Managing remote desktop management

There have been many great steps forward in the world of computing: The mouse, the desktop and folder metaphor, object-oriented languages and … well, the list is long and highly debatable. I would like to offer up another entry to this roll call of genius: Remote desktop access technology.
When I were a young un’ the only remote access you had was Telnet and you had to walk uphill both ways with barbed wire ’round your feet to get anything done. But I digress.
Today, we have a variety of technologies that allow us to remotely access graphical desktops and see more-or-less exactly what’s going on. The only industry to suffer as a consequence of this has been a handful of companies that make tennis shoe soles because people stopped wearing out their footgear quite as quickly.
So, what are your choices? Well, there are, in fact, quite a few products to choose from, with the majority based on either Microsoft’s proprietary Remote Desktop Protocol (RDP) or something called RFB (remote framebuffer), which was developed in 1998 by the now defunct Olivetti Research Laboratory.
The details of the RDP protocol used to only be available under license, but when Microsoft started (grudgingly) to embrace openness, it made the details available under its Open Source Interoperability Initiative.
In contrast, the RFB protocol specification has been open and free since its inception. A more ambitious version of the documentation, announced earlier this year, is also available.
The two protocols are quite different architecturally. While RDP is built into all Windows operating systems as a kernel-level driver that sends display primitives for a Windows RDP client to render, RFB is layered on the top of the system and sends compressed images of screen updates to a RFB client to render independently of the underlying operating system. This means that RDP is Windows-specific while RFB operates cross-platform.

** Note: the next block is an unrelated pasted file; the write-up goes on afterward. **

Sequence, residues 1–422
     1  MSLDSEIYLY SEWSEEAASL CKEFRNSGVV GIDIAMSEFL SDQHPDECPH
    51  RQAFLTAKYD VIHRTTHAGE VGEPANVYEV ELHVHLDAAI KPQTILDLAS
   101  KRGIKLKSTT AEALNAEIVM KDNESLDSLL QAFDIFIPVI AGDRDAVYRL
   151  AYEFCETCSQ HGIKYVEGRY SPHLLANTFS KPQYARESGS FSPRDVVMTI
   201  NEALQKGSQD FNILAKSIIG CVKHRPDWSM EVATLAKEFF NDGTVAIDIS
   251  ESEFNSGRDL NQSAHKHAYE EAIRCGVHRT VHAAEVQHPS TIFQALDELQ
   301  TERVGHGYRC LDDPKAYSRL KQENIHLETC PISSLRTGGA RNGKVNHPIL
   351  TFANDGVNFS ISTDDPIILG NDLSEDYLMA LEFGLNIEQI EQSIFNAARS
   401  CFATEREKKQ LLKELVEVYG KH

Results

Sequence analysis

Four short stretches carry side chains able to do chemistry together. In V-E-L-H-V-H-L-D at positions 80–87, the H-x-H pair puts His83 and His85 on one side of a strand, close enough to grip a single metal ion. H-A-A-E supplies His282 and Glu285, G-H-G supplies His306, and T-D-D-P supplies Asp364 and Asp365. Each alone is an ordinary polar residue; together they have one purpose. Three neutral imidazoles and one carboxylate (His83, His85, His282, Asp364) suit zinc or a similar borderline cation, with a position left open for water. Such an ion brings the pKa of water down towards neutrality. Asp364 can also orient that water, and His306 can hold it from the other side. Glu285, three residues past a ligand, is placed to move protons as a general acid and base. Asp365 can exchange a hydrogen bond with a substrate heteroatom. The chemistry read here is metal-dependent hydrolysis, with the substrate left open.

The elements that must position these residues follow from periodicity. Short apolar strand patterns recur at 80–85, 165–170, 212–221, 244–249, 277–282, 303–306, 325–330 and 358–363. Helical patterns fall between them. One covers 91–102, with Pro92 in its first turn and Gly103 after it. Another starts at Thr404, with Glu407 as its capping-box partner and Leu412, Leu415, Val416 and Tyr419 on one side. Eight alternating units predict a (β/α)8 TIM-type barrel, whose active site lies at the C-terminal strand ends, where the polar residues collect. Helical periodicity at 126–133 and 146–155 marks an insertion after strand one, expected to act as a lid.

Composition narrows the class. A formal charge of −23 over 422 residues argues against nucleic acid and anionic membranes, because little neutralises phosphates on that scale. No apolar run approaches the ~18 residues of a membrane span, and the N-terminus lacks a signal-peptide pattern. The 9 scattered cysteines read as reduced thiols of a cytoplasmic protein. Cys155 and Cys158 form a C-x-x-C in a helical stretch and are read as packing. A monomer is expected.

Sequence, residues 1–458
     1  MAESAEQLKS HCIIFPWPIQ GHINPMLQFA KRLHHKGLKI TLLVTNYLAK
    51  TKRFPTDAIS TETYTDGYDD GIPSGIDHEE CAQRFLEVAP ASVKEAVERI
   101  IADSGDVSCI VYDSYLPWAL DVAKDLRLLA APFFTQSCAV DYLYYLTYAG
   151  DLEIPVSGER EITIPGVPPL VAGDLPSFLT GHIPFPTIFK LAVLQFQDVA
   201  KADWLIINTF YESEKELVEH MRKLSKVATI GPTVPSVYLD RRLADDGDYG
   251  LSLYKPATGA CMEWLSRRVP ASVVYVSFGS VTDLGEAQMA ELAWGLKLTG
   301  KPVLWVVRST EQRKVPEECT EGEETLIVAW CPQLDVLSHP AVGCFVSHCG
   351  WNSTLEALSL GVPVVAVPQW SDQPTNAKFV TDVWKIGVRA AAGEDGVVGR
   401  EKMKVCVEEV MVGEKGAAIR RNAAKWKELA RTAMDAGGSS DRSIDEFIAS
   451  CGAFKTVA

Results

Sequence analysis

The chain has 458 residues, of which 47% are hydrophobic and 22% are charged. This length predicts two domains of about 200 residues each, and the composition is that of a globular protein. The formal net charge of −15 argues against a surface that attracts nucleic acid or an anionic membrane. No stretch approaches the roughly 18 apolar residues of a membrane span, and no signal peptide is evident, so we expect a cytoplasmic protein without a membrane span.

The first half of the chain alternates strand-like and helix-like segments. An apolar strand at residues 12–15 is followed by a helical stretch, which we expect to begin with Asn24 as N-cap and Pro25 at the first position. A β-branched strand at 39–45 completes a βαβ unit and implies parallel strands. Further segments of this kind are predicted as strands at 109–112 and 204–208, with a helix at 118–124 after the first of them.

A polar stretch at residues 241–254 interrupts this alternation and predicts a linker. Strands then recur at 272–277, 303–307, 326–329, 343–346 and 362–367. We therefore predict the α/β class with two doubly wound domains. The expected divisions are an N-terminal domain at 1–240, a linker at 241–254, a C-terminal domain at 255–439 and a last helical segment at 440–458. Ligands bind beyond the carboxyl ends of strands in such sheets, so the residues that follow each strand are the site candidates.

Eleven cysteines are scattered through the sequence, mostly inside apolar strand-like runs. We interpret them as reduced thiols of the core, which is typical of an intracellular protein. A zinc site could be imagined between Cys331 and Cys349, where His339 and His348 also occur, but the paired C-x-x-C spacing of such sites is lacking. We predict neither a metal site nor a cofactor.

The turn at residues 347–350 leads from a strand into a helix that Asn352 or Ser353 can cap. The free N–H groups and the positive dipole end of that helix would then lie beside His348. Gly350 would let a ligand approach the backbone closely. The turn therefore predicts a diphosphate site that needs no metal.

If your shop is like most IT operations you probably use products that are based on both protocols and, where RFB is concerned, you probably use some flavor of Virtual Network Computing, most usually called “VNC” (VNC is both the name of a product line and an implementation of RFB). There are scores of VNC-derived products available, mostly for free, and they all interoperate because they are all RFB-based. How weird is that?
Now, if you have a lot of remote machines to manage then you really need something to make your life easier and I have just the tool for you: VNCScan Enterprise Network Manager for VNC and RDP published by Bozteck Software.
VNCScan is not only a directory and launcher of your VNC and RDP desktop connections, it can also capture remote screen shots into thumbnails, execute scripts on remote computers, install and update remote VNC server components, monitor the up/down state of VNC and RDP, and ping for availability and uptime. As the company claims, “VNCScan is like the Swiss Army Knife for anyone who manages computers on a network.”
The VNCScan user interface allows you to group remote machines (very useful for managing large numbers of devices) and logs all connection activities.
My only complaint: VNCScan’s documentation isn’t well organized; it’s a series of well-written articles but they aren’t ordered; you have to search for what you’re looking for. On the other hand, I noticed something that Bozteck has in its support articles that few companies bother with: details about which files need to be backed up and how to restore them. Very smart.
What is crazy about VNCScan is its price: $59 for a single admin license and $995 for a full site license. VNCScan gets a rating of 4.5.
Source : Click here.


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